Tags: jd | power | vehicle | dependability | study

JD Power Vehicle Dependability Study Knocks Smaller Engines

Thursday, 13 Feb 2014 09:44 AM

By Clyde Hughes

Four-cylinder engines are getting better fuel consumption than larger vehicles but are reported to have more reliability problems, according to the latest J.D. Power Reliability Study released Wednesday.

The annual study reviews problems experienced by original 2011 model owners over a 12-month period. The overall dependability is determined by the number of problems experienced for every 100 vehicles (PP100), with a lower score reflecting higher quality. 

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J.D. Power reported that overall vehicle dependability averages 133 PP100, a 6 percent increase in problems from 126 PP100 in 2013. This marks the first time since the 1998 study that the average number of problems has increased. Four-cylinder and large diesel engines tended to be the most problematic in this year's study.

"Automakers are continually looking for ways to improve fuel economy, which is a primary purchase motivator for many consumers, particularly those buying smaller vehicles," David Sargent, vice president of global automotive at J.D. Power, said in a statement. "However, while striving to reduce fuel consumption, automakers must be careful not to compromise quality. Increases in such problems as engine hesitation, rough transmission shifts and lack of power indicate that this is a continuing challenge."

Sargent told the New York Times that customers are finding it difficult to transition from eight- and six-cylinder vehicles to four-cylinder vehicles.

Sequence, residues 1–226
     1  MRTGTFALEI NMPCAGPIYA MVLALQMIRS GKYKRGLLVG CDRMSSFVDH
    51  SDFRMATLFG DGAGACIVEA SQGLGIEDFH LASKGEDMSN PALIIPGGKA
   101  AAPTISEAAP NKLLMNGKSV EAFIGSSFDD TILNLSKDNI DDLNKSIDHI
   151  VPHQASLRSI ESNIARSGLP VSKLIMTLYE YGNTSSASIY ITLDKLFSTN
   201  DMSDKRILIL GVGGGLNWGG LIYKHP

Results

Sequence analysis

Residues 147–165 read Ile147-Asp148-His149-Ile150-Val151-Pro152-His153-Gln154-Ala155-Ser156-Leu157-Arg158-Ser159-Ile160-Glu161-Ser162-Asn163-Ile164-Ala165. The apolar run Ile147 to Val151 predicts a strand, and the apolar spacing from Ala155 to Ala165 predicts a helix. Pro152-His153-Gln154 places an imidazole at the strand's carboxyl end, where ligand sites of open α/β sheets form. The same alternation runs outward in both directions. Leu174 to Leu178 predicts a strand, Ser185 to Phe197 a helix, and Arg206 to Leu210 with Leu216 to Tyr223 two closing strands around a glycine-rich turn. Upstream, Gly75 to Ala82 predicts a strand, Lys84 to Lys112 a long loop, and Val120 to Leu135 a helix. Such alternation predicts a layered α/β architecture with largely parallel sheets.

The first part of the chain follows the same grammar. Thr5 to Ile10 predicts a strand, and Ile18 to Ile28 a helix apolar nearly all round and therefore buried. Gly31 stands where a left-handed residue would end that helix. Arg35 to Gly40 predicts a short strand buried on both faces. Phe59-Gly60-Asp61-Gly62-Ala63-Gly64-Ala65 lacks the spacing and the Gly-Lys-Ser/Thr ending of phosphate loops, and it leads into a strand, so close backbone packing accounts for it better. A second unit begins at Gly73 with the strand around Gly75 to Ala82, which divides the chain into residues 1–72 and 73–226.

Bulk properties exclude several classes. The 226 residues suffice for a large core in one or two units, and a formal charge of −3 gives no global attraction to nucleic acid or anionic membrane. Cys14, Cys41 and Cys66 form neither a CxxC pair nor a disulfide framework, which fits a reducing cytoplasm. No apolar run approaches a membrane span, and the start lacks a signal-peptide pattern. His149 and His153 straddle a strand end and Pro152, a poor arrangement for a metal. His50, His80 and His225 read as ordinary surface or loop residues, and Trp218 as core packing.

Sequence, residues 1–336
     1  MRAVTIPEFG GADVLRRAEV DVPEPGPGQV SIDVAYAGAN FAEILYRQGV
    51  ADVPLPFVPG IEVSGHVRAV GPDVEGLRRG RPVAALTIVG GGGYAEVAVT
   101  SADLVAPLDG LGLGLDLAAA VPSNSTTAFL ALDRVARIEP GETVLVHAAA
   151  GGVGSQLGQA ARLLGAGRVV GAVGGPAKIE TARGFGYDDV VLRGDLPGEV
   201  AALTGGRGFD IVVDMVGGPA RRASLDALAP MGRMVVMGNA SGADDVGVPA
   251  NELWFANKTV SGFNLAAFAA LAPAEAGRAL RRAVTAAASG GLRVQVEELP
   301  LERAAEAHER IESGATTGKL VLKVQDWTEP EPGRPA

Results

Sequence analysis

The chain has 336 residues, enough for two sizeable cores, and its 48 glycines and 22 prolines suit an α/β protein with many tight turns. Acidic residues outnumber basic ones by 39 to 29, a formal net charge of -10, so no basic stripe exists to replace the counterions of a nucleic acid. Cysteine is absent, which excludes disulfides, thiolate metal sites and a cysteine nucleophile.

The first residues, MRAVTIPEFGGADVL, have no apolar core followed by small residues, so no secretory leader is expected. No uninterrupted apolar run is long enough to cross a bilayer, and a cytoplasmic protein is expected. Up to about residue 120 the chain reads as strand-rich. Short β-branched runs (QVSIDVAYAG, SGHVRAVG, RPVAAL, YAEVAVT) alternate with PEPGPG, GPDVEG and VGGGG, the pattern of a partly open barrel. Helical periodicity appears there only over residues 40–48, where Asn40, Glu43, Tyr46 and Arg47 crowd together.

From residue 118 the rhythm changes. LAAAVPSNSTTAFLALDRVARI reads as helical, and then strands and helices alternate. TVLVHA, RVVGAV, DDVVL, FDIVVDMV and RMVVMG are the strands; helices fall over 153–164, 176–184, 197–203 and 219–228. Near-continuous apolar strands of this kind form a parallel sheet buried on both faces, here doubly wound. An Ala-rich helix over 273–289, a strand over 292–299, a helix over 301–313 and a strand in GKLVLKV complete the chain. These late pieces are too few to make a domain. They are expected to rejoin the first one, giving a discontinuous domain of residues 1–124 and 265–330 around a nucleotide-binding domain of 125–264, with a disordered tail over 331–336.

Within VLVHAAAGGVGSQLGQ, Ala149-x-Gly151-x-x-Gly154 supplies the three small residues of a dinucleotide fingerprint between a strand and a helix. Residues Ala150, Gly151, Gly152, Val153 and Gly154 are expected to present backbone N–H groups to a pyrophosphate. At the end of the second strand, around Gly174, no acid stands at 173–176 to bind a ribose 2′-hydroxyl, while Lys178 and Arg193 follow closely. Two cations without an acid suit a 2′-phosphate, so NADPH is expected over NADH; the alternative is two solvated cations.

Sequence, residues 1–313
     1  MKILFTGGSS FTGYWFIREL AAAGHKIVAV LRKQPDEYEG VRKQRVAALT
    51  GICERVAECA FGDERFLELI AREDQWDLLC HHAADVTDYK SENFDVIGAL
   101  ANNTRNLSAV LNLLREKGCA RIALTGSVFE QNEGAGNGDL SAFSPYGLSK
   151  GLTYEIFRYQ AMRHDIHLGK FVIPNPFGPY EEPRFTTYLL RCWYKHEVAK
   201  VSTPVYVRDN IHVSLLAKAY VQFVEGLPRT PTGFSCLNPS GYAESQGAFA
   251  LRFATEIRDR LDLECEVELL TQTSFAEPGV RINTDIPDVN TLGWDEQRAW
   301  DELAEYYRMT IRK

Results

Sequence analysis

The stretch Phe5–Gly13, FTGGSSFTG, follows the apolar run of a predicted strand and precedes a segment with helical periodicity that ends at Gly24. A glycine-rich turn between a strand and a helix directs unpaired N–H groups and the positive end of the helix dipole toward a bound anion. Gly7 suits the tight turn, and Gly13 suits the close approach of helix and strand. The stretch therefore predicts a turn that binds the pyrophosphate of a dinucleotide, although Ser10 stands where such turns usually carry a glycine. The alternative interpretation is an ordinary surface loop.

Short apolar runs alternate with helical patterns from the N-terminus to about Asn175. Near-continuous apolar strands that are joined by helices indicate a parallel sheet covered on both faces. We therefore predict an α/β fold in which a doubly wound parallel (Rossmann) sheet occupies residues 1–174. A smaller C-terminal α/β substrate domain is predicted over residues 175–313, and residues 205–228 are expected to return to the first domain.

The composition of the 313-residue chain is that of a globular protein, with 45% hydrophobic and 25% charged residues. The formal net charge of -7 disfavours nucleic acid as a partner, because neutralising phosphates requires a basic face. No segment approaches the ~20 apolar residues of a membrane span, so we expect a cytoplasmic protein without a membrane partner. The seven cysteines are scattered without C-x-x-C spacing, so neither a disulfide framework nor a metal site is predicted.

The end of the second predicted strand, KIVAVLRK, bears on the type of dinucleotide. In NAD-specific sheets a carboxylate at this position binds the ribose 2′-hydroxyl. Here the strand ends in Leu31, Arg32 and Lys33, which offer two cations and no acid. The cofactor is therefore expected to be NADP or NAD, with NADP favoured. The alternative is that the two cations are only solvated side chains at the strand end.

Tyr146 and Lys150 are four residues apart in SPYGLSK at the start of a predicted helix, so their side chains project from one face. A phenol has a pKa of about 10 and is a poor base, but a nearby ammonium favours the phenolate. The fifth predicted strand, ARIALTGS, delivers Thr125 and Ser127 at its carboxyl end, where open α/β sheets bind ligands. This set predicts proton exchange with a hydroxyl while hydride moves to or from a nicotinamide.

"A lot of the root cause is software," Sargent said. "The engine and transmission are programmed to respond in a certain way to customer input. But it manifests itself as a mechanical problem." 

Sargent said in his statement that overall, 2011 proved to be a step back in dependability for automobile consumers.

"Until this year, we have seen a continual improvement in vehicle dependability," Sargent said. "However, some of the changes that automakers implemented for the 2011 model year have led to a noticeable increase in problems reported."

J.D. Power ranked Lexus the highest vehicle in dependability for a third consecutive year. General Motors topped all auto companies, with eight 2014 segment awards for its Buick Lucerne; Cadillac DTS; Cadillac Escalade; Chevrolet Camaro; Chevrolet Volt; GMC Sierra HD; GMC Sierra LD and GMC Yukon.

On the flipside, Ford had 140 problems for every 100 vehicles, which is 13 more than last year, and remains below the industry average of 133 problems, according to the J.D. Power survey. Ford's came in 17th place this year for most reliable among all automakers.

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